For me I think I was the most humbled I have ever been as I washed the feet of the first little boy. He sat on a yellow plastic old, dirty oil jug and let me take his swollen feet and wash off the layers of dirt. His feet were hard and calloused. I couldn't tell what was jiggers and what was dirt. I put his feet and hands in the basin of dettol and water. We had used our water bottles for water as there was no water in the IDP camp. I dried his feet and put Vaseline all over the ends of his toes. I cringed as he placed his feet back in his broken, open toed sandals. I prayed the Vaseline would stop more jiggers from invading his feet.
Jesus said there would be joy in the morning - and there was joy in this camp. A woman came to tell us that a woman had just given birth! We were led to her tent. We ducked down to go through the small opening in the tent. There sitting on a piece of cardboard in the dirt was a woman holding a newborn baby! She handed me the baby all wrapped in a small blanket. She had cleaned the baby but the small infant still had blood on her little hands. One of our team members, Linda, is trained in obstetrics.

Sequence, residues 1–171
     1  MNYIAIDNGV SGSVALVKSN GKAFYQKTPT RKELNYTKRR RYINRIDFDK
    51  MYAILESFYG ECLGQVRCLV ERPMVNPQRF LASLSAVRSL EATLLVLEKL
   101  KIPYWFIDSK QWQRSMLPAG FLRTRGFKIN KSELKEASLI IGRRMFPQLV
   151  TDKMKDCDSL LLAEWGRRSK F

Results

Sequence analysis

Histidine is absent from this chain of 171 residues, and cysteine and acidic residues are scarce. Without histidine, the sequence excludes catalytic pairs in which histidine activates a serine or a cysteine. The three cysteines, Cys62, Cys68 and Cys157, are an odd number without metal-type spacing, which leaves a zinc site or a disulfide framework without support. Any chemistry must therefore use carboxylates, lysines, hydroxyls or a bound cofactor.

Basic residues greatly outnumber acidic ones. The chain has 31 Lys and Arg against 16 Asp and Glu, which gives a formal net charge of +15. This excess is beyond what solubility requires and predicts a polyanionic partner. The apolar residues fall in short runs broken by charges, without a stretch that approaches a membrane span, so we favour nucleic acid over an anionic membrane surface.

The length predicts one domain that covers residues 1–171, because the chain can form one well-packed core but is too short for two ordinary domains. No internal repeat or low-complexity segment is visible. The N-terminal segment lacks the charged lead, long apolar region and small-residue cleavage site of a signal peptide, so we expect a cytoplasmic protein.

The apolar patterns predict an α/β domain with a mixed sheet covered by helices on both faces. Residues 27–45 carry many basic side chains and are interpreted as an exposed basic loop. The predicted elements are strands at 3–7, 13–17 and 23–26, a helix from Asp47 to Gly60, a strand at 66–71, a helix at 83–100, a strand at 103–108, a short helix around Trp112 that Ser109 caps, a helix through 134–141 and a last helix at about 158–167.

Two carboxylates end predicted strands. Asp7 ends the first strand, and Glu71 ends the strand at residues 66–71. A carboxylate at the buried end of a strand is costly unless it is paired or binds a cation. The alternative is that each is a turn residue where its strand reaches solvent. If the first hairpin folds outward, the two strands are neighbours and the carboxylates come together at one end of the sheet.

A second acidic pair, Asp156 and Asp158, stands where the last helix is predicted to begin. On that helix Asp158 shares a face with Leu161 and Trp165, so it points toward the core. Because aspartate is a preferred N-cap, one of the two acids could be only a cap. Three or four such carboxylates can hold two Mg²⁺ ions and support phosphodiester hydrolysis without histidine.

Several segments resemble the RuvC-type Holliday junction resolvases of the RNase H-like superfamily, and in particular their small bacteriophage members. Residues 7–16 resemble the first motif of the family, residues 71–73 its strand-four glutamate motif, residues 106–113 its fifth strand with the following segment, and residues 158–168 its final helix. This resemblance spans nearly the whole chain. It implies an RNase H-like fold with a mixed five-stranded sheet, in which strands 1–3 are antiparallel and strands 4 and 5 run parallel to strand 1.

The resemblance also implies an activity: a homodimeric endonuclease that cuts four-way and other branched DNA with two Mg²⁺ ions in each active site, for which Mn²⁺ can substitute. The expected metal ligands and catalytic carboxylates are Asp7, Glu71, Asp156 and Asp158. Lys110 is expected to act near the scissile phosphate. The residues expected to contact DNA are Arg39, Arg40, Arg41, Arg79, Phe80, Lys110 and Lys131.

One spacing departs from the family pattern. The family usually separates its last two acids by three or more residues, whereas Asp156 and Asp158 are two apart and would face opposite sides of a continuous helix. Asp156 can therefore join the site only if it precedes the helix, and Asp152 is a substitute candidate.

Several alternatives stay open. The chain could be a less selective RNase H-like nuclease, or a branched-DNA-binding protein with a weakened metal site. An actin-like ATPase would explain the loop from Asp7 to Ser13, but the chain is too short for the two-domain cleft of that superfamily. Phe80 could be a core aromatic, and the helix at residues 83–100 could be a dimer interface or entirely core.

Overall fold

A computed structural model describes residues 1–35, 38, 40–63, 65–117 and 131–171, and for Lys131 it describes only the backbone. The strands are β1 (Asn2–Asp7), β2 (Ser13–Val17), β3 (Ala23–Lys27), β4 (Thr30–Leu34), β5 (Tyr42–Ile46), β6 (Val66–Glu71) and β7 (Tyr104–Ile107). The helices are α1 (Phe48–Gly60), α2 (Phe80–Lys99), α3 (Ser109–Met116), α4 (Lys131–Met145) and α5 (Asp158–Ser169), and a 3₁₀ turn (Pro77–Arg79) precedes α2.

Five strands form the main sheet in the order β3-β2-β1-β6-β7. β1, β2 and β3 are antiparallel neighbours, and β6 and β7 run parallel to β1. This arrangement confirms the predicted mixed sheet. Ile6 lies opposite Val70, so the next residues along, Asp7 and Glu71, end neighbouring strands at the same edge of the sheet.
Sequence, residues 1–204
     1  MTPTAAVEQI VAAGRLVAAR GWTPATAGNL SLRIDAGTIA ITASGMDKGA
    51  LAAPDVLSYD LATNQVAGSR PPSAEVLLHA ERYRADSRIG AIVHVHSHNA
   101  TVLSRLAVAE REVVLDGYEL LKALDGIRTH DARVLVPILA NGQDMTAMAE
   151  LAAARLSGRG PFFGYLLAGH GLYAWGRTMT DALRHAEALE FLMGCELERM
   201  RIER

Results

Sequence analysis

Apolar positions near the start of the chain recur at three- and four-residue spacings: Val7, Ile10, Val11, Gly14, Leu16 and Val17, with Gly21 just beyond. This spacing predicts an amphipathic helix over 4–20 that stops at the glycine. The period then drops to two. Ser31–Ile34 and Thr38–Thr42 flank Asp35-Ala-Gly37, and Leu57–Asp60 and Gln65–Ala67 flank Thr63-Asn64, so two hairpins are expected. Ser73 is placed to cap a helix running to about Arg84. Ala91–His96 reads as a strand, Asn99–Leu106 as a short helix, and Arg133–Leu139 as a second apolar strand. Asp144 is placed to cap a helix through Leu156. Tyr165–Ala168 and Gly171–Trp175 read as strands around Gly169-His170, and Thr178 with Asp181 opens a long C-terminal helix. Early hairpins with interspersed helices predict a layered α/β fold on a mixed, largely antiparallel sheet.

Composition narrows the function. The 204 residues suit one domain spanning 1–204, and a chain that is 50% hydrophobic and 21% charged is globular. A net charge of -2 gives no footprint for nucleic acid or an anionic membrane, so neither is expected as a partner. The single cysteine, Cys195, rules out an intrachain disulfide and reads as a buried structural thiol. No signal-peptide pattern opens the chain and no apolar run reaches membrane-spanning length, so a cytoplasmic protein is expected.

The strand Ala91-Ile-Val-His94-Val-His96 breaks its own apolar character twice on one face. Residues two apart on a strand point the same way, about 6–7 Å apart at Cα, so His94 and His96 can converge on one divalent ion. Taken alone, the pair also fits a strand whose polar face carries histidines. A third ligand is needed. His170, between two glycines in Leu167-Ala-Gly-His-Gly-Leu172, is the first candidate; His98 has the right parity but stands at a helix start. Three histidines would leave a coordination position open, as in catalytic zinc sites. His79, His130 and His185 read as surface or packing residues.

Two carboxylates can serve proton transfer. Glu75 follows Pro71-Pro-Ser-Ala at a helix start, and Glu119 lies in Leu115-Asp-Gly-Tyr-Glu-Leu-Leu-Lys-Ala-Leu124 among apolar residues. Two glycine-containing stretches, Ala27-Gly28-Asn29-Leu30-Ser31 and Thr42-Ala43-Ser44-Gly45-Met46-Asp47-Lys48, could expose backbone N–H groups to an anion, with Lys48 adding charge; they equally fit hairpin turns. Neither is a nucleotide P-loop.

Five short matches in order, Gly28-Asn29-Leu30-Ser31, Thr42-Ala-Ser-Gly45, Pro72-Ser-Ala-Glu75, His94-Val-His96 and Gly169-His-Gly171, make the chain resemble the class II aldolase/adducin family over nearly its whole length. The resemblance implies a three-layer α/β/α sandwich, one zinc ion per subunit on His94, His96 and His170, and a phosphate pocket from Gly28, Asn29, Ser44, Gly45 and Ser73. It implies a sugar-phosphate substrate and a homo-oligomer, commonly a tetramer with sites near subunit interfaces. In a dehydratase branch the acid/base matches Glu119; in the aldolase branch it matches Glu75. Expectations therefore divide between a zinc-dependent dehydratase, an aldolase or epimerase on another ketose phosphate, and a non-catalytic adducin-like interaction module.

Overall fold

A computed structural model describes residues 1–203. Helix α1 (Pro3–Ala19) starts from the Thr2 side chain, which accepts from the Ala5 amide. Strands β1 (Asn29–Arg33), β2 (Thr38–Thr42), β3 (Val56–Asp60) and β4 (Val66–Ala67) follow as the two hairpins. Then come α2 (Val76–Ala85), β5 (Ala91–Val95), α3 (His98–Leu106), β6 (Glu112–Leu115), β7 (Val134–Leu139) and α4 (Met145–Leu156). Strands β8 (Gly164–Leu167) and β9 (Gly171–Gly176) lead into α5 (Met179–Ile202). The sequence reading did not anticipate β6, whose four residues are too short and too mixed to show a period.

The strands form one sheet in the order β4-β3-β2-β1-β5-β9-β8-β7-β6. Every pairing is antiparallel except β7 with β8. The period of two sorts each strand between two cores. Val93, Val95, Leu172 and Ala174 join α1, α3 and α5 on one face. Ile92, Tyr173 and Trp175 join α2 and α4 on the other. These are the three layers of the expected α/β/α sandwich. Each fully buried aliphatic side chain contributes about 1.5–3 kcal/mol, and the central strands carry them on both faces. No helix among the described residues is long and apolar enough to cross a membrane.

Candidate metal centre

Linda with the new born baby
The new born baby

She came to the tent to speak with the mom. The mom delivered the baby alone cutting the cord with a razor blade. Other team members came to see the baby and pray for this new life to know Jesus. The mom is a Muslim but she allowed us to pray for her and the baby.
At the end of the day we had treated 201 people and gave 125 nets to protect the children and pregnant women from malaria . We packed up preparing to leave. Many teams members had come to know the people. The people came to the bus as the Temples of Worship sang Remember Me. The women then sang and danced for us. A joyful ending to the day.

Dr. Craig attending to a patient

Pat treating a child



Rob taking blood pressures

TJ helping with the drugs

Praying for a miracle for the children infected by the jiggers and for the newborn born in a tent in an IDP camp in Marsabit,
Connie
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Comments:

A cup of water... or jar of vaseline... in His name. wow.
way to go, Connie.

Prayed for you.
Blessings,
Alan

Wednesday, August 4

The journey to Marsabit begins